I’m an eternal optimist but even I have to admit: Everything is pretty terrible right now.
We are three weeks out from Labor Day. Schools aren’t opening in many places. We’re bracing for a “second wave” of COVID-19.
Many businesses are failing. We’re sweating under masks, avoiding the people we love and, oh yeah, we’re about to enter an incredibly contentious presidential election season.
Fall seems like a horror movie in slow motion.
But wait, read that again: We’re three weeks out from Labor Day! There’s still time to savor the summer and hold off the evil that likely awaits us after Sept. 7.
We’re so on edge, so tense and so angry at each other, and it looks like it will only get worse in the coming months. It’s imperative that we collectively take these next three weeks to enjoy life and relax, as much as possible.
That will mean different things to different people. Here are some suggestions to make the next three weeks enjoyable and happy, and to help carry that happiness over into a fall season that seems poised to kick our butts.
Read fiction. We read the news. We read for work. We read the latest Kardashian shenanigans. But a 2018 study by the Department of Labor Statistics found that reading for leisure is at an all-time low. Who has the time?
Last spring I realized I’d shifted my reading habits into nonfiction so completely that I wasn’t sure I could pick up fiction books again. I asked for suggestions and formed a list.
Getting lost in a book is the perfect antidote to the stress of our days. Three of my recent favorites, “The Nesting Dolls” by Alina Adams, “Pachinko” by Min Jin Lee and “The Bronze Horseman” by Paullina Simons, also provided a sharp reminder that as bad as things might be right now, we live in the greatest country in the world, in the freest moment in history. We’ll get through this.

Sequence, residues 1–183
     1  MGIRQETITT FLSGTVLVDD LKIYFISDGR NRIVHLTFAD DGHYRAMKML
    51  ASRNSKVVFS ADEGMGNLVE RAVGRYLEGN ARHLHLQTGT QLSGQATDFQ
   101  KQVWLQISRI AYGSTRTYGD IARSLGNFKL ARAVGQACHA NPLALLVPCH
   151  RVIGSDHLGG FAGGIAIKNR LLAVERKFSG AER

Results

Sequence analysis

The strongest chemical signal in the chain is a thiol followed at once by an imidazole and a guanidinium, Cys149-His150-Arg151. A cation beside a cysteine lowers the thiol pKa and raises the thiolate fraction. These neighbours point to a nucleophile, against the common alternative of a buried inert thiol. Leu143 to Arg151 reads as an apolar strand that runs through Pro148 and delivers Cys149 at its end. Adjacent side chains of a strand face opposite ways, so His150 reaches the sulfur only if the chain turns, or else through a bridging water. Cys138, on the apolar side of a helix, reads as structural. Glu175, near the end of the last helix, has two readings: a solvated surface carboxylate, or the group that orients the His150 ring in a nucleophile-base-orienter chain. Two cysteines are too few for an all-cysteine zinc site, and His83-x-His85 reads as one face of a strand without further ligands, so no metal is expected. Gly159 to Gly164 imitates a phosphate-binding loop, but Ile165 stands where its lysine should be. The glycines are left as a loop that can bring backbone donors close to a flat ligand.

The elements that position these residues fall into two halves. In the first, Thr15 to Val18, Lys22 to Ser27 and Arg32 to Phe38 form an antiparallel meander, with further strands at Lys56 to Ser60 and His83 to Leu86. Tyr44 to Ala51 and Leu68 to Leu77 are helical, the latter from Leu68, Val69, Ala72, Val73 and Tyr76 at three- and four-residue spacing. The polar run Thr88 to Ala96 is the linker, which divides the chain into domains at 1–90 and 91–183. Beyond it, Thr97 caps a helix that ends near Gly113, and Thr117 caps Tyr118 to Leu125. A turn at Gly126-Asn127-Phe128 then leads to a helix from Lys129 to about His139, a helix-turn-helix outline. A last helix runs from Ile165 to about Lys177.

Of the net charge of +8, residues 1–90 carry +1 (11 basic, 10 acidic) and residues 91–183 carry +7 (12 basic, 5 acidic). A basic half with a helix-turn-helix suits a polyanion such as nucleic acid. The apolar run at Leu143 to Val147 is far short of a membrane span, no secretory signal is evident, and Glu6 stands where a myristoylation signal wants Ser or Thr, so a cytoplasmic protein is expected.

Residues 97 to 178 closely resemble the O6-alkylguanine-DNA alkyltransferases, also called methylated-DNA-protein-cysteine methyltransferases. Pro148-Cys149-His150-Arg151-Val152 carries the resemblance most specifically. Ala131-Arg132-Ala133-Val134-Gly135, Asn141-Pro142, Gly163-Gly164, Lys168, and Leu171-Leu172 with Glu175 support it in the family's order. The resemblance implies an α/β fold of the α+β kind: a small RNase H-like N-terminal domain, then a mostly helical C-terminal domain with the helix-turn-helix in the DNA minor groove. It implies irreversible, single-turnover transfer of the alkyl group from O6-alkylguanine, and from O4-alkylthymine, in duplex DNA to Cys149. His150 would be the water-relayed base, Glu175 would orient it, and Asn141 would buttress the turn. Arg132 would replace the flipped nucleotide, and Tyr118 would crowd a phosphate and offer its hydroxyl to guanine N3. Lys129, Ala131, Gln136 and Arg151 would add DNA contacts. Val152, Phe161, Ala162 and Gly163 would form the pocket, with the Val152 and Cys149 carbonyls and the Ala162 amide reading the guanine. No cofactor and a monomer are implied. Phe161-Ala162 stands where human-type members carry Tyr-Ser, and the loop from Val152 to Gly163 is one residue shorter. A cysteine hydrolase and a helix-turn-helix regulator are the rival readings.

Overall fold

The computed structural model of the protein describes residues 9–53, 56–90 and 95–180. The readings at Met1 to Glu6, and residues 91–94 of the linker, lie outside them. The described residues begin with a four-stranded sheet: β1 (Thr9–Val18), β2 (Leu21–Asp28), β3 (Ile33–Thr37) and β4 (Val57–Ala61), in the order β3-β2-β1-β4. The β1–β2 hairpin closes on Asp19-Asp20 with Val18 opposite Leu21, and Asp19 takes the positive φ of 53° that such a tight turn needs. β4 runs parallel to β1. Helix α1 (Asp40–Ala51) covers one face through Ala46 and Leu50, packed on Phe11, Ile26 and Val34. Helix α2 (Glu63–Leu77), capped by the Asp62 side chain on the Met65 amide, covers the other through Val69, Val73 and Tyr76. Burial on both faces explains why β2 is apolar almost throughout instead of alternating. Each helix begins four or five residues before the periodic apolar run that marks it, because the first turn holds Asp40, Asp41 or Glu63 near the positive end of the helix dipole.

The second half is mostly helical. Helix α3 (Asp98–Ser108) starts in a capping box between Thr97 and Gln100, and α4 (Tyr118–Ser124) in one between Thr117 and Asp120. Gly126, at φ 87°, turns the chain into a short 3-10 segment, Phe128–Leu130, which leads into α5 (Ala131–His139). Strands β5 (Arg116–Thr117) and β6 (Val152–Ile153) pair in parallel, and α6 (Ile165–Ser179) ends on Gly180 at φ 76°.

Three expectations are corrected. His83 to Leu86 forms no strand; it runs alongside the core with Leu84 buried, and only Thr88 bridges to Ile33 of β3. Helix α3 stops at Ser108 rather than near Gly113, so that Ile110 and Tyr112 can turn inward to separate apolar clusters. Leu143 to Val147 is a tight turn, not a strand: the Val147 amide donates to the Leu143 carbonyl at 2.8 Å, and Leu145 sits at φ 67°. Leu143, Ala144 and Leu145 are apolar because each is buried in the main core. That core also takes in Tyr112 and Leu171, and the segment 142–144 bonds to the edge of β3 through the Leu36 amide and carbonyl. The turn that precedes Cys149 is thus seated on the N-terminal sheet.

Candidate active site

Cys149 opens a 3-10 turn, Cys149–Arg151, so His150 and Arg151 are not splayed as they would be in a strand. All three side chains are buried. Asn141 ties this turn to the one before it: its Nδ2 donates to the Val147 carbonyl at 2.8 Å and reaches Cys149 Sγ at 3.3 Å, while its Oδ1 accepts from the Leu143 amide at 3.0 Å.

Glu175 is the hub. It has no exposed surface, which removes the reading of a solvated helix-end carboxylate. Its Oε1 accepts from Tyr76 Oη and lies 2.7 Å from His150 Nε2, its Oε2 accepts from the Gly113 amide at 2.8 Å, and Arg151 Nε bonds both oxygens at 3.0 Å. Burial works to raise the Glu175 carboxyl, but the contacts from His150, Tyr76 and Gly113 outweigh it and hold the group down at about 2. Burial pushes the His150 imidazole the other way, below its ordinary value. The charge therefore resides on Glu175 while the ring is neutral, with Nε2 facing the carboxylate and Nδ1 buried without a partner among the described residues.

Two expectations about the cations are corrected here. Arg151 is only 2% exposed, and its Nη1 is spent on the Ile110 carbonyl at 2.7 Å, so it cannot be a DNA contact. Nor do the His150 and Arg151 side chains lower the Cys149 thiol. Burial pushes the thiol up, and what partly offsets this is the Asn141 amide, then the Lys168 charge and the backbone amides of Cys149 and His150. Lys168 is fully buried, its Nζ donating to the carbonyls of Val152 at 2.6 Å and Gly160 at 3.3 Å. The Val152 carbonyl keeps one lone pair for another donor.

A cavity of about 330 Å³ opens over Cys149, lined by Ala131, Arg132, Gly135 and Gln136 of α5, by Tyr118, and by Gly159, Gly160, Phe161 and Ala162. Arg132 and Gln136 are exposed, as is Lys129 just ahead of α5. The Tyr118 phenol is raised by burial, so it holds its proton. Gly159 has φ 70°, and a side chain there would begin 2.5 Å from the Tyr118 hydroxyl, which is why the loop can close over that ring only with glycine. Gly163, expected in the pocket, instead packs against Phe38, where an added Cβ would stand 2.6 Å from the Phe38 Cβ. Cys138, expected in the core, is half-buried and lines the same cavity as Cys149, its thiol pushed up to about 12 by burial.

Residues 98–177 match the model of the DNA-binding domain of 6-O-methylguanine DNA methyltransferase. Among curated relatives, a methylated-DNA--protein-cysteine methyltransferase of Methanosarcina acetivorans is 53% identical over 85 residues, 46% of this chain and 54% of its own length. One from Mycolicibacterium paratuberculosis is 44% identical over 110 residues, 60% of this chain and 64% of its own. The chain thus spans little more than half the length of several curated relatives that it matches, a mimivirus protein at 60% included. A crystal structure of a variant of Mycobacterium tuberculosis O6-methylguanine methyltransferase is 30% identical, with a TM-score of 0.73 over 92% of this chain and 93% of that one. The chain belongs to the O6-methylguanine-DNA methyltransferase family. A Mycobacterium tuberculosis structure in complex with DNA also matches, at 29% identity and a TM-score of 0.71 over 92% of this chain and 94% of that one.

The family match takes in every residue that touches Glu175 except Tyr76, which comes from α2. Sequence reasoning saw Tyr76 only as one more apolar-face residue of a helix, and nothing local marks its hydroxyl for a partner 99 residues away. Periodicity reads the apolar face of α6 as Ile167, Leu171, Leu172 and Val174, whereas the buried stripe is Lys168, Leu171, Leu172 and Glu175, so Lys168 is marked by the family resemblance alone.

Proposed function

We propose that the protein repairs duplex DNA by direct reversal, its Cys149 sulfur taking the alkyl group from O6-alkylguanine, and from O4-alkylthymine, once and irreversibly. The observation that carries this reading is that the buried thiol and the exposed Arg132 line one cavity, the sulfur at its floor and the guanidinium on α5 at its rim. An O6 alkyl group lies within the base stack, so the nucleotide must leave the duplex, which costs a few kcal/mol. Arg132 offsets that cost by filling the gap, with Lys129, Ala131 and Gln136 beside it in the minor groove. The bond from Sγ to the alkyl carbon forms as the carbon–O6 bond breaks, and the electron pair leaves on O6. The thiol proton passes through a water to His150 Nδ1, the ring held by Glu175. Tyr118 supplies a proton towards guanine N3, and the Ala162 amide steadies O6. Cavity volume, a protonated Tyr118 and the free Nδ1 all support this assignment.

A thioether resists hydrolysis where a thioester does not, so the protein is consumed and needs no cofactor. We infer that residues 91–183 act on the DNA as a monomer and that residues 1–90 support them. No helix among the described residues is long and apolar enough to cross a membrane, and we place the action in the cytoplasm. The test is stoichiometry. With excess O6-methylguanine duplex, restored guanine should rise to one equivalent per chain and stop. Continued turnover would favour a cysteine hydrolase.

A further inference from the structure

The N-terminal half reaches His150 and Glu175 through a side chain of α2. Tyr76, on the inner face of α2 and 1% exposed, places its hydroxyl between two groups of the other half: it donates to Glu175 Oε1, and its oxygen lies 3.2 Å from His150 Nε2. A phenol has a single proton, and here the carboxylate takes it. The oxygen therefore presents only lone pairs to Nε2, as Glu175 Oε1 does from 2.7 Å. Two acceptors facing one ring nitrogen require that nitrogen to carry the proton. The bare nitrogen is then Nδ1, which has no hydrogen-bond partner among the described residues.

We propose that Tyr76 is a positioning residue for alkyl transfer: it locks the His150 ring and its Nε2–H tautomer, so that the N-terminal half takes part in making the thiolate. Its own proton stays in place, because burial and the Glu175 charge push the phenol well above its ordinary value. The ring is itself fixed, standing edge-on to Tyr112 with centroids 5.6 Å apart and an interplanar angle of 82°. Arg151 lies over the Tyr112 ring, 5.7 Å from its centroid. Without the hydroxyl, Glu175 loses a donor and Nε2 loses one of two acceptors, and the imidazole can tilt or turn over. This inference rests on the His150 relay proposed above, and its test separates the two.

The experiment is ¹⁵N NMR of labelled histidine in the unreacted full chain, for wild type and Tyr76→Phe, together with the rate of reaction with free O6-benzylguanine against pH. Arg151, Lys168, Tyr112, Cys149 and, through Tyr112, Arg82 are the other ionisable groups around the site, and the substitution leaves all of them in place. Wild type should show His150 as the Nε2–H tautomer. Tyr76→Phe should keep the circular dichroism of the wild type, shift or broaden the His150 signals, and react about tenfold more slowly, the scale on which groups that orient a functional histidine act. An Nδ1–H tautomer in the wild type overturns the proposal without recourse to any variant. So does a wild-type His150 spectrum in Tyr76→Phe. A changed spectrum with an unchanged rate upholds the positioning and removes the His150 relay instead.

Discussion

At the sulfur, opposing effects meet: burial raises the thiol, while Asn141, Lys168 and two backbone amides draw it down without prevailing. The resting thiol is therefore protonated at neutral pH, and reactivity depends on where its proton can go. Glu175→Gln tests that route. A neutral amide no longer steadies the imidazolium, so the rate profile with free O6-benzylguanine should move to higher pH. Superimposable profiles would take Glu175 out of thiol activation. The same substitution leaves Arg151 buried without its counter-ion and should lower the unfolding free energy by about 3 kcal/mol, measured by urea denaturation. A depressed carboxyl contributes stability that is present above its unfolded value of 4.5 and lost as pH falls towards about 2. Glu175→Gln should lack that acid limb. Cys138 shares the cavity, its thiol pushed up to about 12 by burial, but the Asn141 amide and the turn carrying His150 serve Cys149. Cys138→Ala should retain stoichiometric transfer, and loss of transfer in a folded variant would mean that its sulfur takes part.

Reach out to friends. In the crazy, hazy early days of our lockdown, Zoom happy hours were so prevalent we had to keep a running schedule. But we got tired of seeing our friends through a screen and, frankly, we were all drinking way too much.
If you’re comfortable, go see your friends in person. If not, online’s better than nothing. Get food from one of the restaurants that only have take-out during this pandemic.
Have a drink or don’t. Find something funny to talk about. Reminisce about better days. Make plans for the future. Remember how good it felt to be together and look forward to doing it again soon.
Avoid politics. “But, I can’t! It’s too important. I must speak out!” OK, then wait three weeks. Use the time to disconnect. Between Labor Day and Election Day, feel free to shed friends on Facebook with your political rants. For now, skip the political fuming — just don’t engage. The presidential campaigns will be here when you get back to it.
Go to the nearest body of water and dunk yourself. I’m blessed to live near the Atlantic, and at this point in the summer, the water’s perfect. Even if you’re not a swimmer, just sitting and staring at the horizon releases endorphins, the chemical your body produces to deal with stress.
If you have kids, find time every day to focus on them. Yes, parents gripe that they’ve “been with my children non-stop since March, I’m focusing enough!” Yet it’s easy to forget that kids are also living through this difficult moment and picking up cues about how worried they should be.
In our family, we’ve been watching old movies and TV shows. Shows like “Little House on the Prairie” and films like “Flight of the Navigator” have brought us together and given us an opportunity to talk about our own childhoods with them.
If you’ve been staying in because it’s too hard to get your kids to wear masks (I get that), take them somewhere isolated and outdoors and let them enjoy the freedom of going maskless. They need it.
This moment will pass. We just need to take care of ourselves and each other to make it through. Drown out the divisive noise, and do things that bring you joy.
Recharging now will help make a difficult fall a little easier.
Author : Karol Markowicz